Mirror neurons are incredibly powerful because they are bidirectional: the same neurons we use to control our own expressions are used to interpret those of other people, and then to reflect them back. That is the basis for social trust.

And it’s the basis for effective deception. It’s why artfully photoshopped images and computer-generated deep fakes can promulgate false narratives far and wide.

But that doesn’t fully explain why so many lousy fakes are gaining currency. To understand that we can look at social media where an image or the sound of a video is enough to convince those who don’t look deeper or ask questions—and who are already wanting to believe.

What high-minded political theory discussions miss about these subjects is the centrality of what researchers call embodied cognition in our lives. Embodied cognition, a theory for which there are good fMRI and other evidence, posits that for all but the most abstract concepts we process words and ideas by rapidly and partially recreating in our neural systems the actual sensory and emotional signals we associate with a powerful instance of that idea. If you read “chair” your brain doesn’t process a dictionary definition—it simulates the physical experience of sitting in a chair that is particularly salient to you at that moment. (Or if you’re in a truly dreadful committee meeting, the word might conjure up the officious person at the head of the conference table.)

So when a leftist who wants to believe that Stefanik is a true bitch because that leftist is pissed that she exposed a key lie in Yovanovich’s testimony, that person need only read O’Malley’s tweet and briefly glance at the image to be convinced. His words prime the reader’s brain to experience the image as both real and reinforcing what the leftist already believes, or at least wants to believe.

Embodied cognition and mirror neurons explain why true believers eagerly embrace deceptions. But such believers aren’t the whole audience for these fakes, or for the extended, farcical, corrosive, and poisonous fakery that is playing out in the House right now. Polls and my own discussions with many independent voters suggest that the Democrat impeachment strategy is backfiring badly. President Trump is rebounding in the polls, while the Schiff strategy drones on, guided only by focus groups in key states as the basis for the charges to be laid at the president’s door.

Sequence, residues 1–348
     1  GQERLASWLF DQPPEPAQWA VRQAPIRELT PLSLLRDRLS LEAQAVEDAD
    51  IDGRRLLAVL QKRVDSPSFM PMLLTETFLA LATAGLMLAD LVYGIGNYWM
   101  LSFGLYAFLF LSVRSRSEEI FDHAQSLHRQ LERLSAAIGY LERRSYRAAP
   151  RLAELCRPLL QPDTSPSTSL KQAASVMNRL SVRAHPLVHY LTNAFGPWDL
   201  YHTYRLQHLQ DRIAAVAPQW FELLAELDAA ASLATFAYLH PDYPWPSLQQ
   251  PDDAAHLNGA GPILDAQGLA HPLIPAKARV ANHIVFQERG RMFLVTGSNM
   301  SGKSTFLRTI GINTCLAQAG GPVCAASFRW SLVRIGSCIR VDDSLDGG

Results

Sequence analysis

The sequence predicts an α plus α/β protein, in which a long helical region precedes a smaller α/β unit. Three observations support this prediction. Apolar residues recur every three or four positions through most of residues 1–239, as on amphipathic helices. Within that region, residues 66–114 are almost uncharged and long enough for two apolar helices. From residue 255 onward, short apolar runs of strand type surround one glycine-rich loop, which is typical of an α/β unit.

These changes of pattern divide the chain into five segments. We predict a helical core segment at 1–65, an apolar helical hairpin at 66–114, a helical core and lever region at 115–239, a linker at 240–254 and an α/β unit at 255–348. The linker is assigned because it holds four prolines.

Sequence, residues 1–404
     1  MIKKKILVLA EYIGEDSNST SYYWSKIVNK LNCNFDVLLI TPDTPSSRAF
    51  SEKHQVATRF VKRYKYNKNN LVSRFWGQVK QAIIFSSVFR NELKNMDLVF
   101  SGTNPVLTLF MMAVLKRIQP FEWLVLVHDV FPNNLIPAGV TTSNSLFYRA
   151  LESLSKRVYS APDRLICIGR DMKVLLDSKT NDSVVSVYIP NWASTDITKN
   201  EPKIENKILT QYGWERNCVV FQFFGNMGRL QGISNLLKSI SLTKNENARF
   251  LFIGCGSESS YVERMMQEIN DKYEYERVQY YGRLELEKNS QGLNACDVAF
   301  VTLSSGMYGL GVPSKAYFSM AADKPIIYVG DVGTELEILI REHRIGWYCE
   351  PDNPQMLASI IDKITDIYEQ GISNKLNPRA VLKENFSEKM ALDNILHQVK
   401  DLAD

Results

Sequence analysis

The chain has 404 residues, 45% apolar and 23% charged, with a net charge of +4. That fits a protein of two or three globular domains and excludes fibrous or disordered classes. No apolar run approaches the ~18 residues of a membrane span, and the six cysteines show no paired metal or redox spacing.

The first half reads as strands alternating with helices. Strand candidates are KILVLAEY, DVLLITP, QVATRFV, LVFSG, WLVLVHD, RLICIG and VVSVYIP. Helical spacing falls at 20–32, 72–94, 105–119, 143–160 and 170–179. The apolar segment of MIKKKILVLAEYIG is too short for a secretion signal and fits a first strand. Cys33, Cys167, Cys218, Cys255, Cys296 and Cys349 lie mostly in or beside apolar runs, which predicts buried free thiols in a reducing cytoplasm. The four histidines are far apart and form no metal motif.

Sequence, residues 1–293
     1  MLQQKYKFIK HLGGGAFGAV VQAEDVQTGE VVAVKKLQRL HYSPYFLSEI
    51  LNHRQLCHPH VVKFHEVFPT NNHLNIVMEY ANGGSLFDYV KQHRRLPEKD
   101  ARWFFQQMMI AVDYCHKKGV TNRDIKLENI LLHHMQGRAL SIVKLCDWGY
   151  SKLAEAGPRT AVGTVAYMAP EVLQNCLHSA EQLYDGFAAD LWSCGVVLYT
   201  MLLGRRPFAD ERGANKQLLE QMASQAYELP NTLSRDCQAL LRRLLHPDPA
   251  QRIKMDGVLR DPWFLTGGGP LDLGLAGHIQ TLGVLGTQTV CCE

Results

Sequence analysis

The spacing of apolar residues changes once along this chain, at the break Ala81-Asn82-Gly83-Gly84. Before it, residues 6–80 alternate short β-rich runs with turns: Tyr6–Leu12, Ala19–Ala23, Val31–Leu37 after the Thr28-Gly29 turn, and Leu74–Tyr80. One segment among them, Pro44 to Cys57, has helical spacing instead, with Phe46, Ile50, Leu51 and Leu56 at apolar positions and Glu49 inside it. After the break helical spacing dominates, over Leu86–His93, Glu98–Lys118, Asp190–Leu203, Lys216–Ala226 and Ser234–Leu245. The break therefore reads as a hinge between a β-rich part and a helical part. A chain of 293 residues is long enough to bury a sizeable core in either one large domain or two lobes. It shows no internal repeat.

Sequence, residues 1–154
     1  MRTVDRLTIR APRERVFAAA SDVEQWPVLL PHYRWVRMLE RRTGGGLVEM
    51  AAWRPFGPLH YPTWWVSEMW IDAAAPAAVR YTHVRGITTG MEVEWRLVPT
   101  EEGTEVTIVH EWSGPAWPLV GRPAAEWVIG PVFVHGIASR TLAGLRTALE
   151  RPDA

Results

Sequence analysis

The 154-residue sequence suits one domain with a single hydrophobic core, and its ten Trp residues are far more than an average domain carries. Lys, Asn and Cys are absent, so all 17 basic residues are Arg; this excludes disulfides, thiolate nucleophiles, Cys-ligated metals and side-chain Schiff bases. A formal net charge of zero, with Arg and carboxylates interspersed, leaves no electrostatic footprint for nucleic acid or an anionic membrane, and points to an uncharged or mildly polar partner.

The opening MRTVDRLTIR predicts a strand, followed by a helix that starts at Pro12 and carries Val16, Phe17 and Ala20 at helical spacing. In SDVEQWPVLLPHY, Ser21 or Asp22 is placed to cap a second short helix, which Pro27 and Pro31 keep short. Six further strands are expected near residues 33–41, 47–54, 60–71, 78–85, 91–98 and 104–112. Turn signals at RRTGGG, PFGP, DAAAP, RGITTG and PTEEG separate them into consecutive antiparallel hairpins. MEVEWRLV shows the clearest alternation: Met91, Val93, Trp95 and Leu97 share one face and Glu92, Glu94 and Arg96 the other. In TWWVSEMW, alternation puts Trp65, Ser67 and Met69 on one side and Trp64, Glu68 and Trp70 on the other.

I blame it on Botox.

Now, I don’t know if Adam Schiff has had the procedure. But Nancy Pelosi clearly has, and it is ubiquitous in certain coastal circles. So too are deep facelifts. Interestingly, these procedures partially freeze facial muscles in pursuit of an artificial image of youth.

“Every man over 40 is responsible for his face,” Lincoln reportedly said. Our faces naturally reflect years of characteristic expressions as we age.

But what happens when your facial muscles can’t mimic the expressions of others or even fully express your own feelings? When your mirror neurons cannot confirm to you what others are feeling? When you cannot enter into their experience vicariously?

And when you have no broader personal experience with those other people, and people like them to inform your instincts and evaluations. People who live in “flyover country.”

You evaluate situations via your embodied cognition, informed only by your immediate experience and the people just like you.

We’re seeing the results play out before our eyes.